3 Months Post Mommy Make Over?
- Asked by Barbs4765
- 6 months ago
ishhh. its been 3 mnths and i feel its very slow cause i still look like i am pregnant . my doctor is telling me its going to be ok but i still think there is some fluid under the skin. my q is that should i get a second opinion or its too soon to tell.
Swelling may take many months to totally result after mommy makeover.
The combination of operations the makes it a mommy makeover dictates a fairly protracted convalescence relative to swelling. It will be a number of months until the final outcome has been established.
Everyone recovers differently but usually results become apparent by about 3 months. I would discuss this with your surgeon and continue to wear compression garments . I have had a few patients who have had prolonged swelling. Hard to say what the cause was but all have resolved by 6 months.
Swelling 3 months post op abdominoplasty
Swelling is obviously normal after an abdominoplasty. This can be either soft tissue swelling or a collection of fluid under the skin. It really requires an examination to understand the issue at hand. If you are just not getting answers from your surgeon it is always an option to ask him for a second opinion or get one on your own.
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I generally recommend no heavy lifting or strenuous activity (no exercise) for 4 to 6 weeks after tummy tuck. It can take at least 6-8 weeks for your swelling to resolve, sometimes much longer if extensive liposuction or tissue removal was performed. Continue with your compression garments and followup with your surgeon as scheduled. I'm sure you'll love your results once you are fully healed!
You state it has been 3 months since your Tummy Tuck. At this point, the swelling should have subsided. You are still healing, and will be for months, but you should not look pregnant. Discuss this with your Plastic Surgeon, and let him know your concerns. Wearing the compression garment should help reduce the swollen tissue, also.
Swelling after Tummy Tuck?
Thank you for the question.
As always, it is best to be seen in person ( by your plastic surgeon) for precise diagnosis and treatment. Otherwise, as you mentioned, second opinion in-person consultations ( as opposed to online consultation) would be necessary.
Abdominal wall "swelling" after tummy tuck may be related to:
1. Swelling in the soft tissues. This may take several months to resolve and may worsen with increased activity or at the end of the day. Patience is required to allow for resolution of the swelling. The swelling occurs because of the interruption of venous and lymphatic channels that occurs during the tummy tuck operation.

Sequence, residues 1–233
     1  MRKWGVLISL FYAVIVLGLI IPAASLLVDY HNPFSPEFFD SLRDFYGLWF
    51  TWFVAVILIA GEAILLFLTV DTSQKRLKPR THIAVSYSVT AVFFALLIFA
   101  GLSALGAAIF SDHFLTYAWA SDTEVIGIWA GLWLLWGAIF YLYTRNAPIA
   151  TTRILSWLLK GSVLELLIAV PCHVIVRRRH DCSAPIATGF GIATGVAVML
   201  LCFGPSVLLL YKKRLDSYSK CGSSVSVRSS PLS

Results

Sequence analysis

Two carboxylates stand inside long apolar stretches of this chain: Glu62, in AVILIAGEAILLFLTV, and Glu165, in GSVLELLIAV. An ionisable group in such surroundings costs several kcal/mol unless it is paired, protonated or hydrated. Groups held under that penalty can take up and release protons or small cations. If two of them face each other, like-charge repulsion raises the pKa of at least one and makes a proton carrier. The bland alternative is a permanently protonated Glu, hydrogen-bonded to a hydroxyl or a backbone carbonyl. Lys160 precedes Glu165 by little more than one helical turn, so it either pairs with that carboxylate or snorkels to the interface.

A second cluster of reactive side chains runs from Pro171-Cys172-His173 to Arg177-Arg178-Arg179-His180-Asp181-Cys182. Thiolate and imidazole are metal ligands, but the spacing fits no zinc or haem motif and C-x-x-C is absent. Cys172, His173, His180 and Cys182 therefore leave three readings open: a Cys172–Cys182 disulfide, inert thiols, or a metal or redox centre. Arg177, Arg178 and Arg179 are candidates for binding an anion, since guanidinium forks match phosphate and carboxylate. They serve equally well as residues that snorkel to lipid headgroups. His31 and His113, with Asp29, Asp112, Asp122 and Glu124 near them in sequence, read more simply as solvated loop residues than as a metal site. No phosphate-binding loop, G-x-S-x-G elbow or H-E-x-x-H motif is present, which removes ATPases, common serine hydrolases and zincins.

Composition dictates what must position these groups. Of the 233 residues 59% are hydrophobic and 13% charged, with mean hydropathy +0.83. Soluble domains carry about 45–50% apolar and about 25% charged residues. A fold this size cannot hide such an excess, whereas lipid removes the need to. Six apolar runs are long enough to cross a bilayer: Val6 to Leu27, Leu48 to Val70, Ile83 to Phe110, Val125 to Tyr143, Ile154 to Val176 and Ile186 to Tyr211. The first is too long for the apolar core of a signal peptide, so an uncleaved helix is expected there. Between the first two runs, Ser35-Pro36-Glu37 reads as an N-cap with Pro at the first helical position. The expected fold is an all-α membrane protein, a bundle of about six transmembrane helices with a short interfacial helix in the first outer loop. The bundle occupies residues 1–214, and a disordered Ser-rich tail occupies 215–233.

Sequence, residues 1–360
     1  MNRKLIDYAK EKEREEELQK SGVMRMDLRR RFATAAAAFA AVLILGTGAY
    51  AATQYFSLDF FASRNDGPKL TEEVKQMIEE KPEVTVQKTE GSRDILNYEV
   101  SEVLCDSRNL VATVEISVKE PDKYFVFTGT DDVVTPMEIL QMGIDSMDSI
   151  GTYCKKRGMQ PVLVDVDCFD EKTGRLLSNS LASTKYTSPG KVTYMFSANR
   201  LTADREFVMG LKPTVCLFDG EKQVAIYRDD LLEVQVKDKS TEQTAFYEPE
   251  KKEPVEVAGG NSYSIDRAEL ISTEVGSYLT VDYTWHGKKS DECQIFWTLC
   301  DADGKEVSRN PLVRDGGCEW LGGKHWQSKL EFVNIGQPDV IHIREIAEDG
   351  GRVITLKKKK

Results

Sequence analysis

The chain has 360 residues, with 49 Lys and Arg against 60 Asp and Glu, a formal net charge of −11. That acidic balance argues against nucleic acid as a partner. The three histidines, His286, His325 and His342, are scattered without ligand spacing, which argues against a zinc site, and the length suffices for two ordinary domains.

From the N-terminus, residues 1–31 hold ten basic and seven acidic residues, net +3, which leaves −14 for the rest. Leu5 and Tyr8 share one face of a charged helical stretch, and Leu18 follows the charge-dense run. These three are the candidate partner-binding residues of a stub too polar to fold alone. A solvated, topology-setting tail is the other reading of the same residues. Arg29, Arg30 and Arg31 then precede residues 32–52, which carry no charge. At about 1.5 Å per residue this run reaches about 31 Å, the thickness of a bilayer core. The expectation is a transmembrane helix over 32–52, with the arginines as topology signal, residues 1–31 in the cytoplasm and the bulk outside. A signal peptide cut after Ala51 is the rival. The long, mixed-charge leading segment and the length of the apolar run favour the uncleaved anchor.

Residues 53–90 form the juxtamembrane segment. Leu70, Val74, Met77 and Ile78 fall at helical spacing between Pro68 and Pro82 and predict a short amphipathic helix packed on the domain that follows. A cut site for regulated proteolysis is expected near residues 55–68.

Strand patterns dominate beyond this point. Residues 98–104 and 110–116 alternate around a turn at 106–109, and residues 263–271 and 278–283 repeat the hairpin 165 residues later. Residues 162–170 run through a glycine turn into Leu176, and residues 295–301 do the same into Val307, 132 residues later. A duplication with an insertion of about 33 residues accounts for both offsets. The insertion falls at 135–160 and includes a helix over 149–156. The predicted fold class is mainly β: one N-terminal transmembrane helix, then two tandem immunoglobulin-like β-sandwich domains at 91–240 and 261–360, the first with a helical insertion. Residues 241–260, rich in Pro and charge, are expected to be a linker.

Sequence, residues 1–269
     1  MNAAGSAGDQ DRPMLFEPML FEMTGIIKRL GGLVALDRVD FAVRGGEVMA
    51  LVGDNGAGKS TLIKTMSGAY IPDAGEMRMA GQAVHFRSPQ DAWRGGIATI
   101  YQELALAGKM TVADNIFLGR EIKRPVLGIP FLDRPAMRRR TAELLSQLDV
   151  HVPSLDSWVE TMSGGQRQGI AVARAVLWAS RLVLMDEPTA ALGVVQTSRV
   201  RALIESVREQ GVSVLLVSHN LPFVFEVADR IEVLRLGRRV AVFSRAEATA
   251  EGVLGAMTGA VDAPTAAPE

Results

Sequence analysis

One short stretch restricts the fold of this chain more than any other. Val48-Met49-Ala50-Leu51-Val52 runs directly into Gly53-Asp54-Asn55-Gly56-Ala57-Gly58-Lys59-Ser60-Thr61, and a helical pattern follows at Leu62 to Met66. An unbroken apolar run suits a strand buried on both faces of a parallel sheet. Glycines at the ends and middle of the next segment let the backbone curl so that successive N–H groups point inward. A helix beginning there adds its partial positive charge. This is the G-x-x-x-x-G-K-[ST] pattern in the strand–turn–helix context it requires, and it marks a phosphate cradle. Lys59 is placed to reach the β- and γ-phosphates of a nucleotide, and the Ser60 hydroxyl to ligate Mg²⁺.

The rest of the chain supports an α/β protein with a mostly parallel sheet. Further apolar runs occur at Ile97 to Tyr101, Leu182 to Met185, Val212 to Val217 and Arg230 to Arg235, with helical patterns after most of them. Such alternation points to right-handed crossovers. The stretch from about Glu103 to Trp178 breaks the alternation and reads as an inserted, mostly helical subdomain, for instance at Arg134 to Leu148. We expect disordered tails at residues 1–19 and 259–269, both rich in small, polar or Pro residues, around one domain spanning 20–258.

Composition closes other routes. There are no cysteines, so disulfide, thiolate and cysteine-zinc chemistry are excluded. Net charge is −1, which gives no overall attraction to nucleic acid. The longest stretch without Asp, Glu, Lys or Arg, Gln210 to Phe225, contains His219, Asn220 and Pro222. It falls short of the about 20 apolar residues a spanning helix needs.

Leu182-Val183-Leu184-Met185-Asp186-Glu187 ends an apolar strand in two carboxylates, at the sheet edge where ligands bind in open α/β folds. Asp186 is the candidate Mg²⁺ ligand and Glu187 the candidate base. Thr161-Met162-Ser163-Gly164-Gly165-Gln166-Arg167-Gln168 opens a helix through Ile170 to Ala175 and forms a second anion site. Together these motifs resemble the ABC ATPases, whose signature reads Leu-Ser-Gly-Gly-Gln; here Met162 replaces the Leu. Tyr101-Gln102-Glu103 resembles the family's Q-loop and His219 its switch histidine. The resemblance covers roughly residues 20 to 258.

2. Fluid accumulation in the space between the skin and the abdominal wall muscle. this may consist of blood ( hematoma) or serum (seroma). This fluid accumulation can generally be diagnosed by physical examination ( occasionally ultrasound may be helpful). Treatment consists of aspiration; several episodes of aspiration may be necessary.
3. Separation of the abdominal wall muscle repair may lead to a swelling/bulge appearance. This may be diagnosed on physical examination with your surgeon examining you in different bodily positions. One of the steps of a tummy tuck procedure involves reapproximation (plication) of the rectus muscles. These muscles have spread apart during pregnancy and/or weight gain. Bringing them together again in the midline helps to “tighten” the abdominal wall as well as to narrow the waistline.
4. Residual adipose tissue may be confused for swelling. Again this is most easily diagnosed by physical examination. Additional liposuction surgery maybe necessary to improve the results of surgery.
Generally, it takes many months for swelling to resolve after tummy tuck surgery and it may take up to one year (or greater) a complete skin redraping to occur.
I hope this helps.
These answers are for educational purposes and should not be relied upon as a substitute for medical advice you may receive from your physician. If you have a medical emergency, please call 911. These answers do not constitute or initiate a patient/doctor relationship.